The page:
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Interview // Kenya Shakoor // Photographer

“In December of 2019, Kenya Shakoor premiered her first art show titled “Dreaming In Black”, which explored the beauty and mystic elements that blackness so often is not awarded in media. This show included myself and other black individuals, where we were photographed in spaces that we found comfortable.This interview was recorded in November of 2019 at the Frye Art Museum.”

A: What caused you to become interested in photography? ⁣

K: I actually got a camera to start a YouTube channel to make videos, but I realized I liked taking photos, especially of certain subject matter. 

A: What subject matter do you like to focus on?

K: I photograph black individuals almost exclusively. I wanted to make art the art I wanted to see, and all too often I’ve come across seeing almost no art to relate to in museums. So it’s important to capture people with kinky textured hair, brown skin, etc. because we need to put ourselves in the room, and to feel authentic in doing so at the same time. One of the great things of working with my subjects is that before the process they never were captured by anyone, and afterwards they finally feel seen.


A: What is one thing you wish you could change about the world?

K: I wish I could change how there is so much greed in society. There’s so much hoarding of resources, and it’s leaving people starving. I wish everyone could support their families and live their lives, and not have these systems holding them back from living happy lives. ⁣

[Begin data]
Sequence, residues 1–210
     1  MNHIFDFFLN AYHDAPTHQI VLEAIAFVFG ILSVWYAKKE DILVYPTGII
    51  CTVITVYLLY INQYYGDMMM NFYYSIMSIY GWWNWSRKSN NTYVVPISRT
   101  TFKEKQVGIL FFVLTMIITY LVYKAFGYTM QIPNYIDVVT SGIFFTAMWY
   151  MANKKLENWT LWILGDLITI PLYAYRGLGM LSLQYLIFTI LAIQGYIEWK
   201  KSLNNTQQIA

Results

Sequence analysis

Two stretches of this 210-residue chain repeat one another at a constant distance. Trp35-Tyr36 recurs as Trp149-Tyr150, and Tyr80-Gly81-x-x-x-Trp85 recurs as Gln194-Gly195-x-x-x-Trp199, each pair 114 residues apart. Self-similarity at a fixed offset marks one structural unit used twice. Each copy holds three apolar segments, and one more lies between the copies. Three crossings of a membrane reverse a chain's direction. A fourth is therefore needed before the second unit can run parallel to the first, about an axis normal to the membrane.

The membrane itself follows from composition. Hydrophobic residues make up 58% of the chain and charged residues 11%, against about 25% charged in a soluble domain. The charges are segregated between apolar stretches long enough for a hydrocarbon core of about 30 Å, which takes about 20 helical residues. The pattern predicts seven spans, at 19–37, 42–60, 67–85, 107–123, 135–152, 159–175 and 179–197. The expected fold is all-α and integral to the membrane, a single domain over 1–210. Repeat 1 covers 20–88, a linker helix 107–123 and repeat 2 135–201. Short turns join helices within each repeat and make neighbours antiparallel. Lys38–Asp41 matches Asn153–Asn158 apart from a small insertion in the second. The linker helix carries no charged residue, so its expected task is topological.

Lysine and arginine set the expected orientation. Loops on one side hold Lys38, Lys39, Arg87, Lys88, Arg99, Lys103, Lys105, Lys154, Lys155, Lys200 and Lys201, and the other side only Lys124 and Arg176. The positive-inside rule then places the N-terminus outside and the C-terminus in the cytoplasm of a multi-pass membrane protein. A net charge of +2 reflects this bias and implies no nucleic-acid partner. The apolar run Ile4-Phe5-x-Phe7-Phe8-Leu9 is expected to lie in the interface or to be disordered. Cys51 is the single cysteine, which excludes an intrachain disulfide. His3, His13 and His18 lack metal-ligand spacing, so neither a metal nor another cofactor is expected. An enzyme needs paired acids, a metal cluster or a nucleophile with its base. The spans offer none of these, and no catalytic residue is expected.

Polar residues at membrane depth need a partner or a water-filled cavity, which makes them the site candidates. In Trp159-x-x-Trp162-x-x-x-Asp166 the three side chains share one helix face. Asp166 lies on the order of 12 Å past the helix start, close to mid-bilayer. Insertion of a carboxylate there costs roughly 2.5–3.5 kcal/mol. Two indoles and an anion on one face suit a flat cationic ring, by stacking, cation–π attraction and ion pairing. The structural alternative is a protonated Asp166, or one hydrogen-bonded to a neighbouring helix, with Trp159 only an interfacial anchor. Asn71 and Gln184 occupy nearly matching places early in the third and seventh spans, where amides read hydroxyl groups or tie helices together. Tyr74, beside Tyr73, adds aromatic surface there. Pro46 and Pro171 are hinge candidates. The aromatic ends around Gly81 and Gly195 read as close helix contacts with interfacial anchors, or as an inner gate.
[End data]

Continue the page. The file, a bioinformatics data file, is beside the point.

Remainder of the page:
A: How do you intend to change it?

K: “By not allowing the outside world to affect my internal self. Marginalized individuals self worth is already lower due to how society has defined them, so I want to expect the best of myself, that way no one can ever diminish my self worth.⁣

A: Has being a black woman influenced how you use your medium?

K: Definitely. In terms of being a black woman, I feel I have more intentions/ responsibility to do something greater than just taking photographs, whether that’s broadening someone’s view or starting a conversation through my photography. In technical terms, I’ve become particular to how I shoot black individuals behind a camera. Our skin absorbs more light, so a natural light really shows a person’s true skin tone. I really think there’s such a magical aspect of the sun hitting black skin.


Amanda Morgan photographed by Kenya Shakoor for “Dreaming in Black”

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